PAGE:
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Tag Archives | diaspora

Creating African Fashion Histories

Via Helen Mears, Keeper of World Art, Royal Pavilion and Museums, Brighton

A conference hosted by Royal Pavilion & Museums, with the Sussex Africa Centre / University of Sussex, and the University of Brighton

 The Old Courtroom, 118 Church Street, Brighton Museum & Art Gallery

Wednesday 2 November 2016

Coinciding with the first major UK exhibition dedicated to contemporary African fashion, Fashion Cities Africa, this one-day conference will explore the possibilities and limitations of dress and fashion history to discuss current and past narratives in African fashion.

Panels will focus on the construction of African fashion histories; the role of African diasporas in the translation of African fashions; new directions in collecting and curating African fashion and the evolution of new platforms for the dissemination of African fashion.…

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Diasporas on the Web: e-Diasporas Atlas Project

Date: Thursday 13th December

Time: 6-8 p.m.

Place: British Academy, Reading Room, 10 Carlton House Terrace, London SW1Y5AH

What kinds of diasporas are formed by connected migrants? Do the online networks woven by migrants scattered throughout the world, and the traces they leave on the Web, reveal traditional or novel functions of diasporas? Do these ‘e-diasporas’ merely mirror physical diasporas, are they an extension to these diasporas, or do they generate new forms of communities? From a more general perspective, can they be considered as an echo-chamber of globalization – of a society which is itself a diaspora in the making? And how do digital methods help us to adopt a more reflexive stance on this phenomenon?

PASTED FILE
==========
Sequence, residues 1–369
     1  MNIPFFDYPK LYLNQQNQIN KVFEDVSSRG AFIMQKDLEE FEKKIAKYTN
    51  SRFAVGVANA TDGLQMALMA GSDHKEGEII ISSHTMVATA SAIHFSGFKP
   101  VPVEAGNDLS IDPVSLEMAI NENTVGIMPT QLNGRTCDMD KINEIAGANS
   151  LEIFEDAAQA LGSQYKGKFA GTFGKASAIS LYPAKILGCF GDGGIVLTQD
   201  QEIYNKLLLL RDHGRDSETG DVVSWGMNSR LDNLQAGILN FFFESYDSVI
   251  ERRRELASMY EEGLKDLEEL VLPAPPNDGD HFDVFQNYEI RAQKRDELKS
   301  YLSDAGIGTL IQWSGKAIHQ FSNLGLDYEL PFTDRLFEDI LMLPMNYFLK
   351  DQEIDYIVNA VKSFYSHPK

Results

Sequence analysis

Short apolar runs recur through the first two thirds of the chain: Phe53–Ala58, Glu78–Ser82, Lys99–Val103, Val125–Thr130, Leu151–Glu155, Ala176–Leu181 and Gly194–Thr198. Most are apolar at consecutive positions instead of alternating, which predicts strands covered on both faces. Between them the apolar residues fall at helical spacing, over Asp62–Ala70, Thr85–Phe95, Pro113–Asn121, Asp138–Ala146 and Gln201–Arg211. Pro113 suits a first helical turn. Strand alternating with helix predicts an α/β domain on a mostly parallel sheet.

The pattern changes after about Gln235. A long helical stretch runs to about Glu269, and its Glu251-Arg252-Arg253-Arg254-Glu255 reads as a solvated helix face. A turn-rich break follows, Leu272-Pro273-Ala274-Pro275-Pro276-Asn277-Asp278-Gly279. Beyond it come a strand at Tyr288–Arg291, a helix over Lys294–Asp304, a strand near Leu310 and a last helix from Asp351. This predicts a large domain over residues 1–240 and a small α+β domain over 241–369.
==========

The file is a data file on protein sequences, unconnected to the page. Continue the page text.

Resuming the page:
On this occasion, an event will be held at the British Academy in London, involving contributors as well as invited speakers, from 6 to 8 p.m on Thursday 13th December 2012.…

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CFP: Remapping the Black Atlantic: Diaspora: (Re)Writings of Race and Space

diaspora 2013 conference flyer

Conference Location: DePaul University
Conference Date: April 12-14, 2013
Conference Abstracts Deadline: October 20, 2012

It has been two decades since the publication of Paul Gilroy’s seminal book The Black Atlantic: Modernity and Double Consciousness (1993) which marked a pivotal shift in our understanding of the experience of transnational Black modernity. More than simply understanding Black experiences from around the Atlantic basin as being marginal to or derived from the culture of modernity, Gilroy argued that for over a century and a half, Black intellectuals have travelled and worked in a transnational framework that precludes anything but a superficial association with their country of origin. Expanding on DuBois’ crucial notion of “double consciousness,” Gilroy argued for a modernity broad enough in, scope not simply including the marginal positions of slaves, but also positing the “ungenteel” aspects of slavery and terror as fundamentally crucial to understanding modernity itself. …

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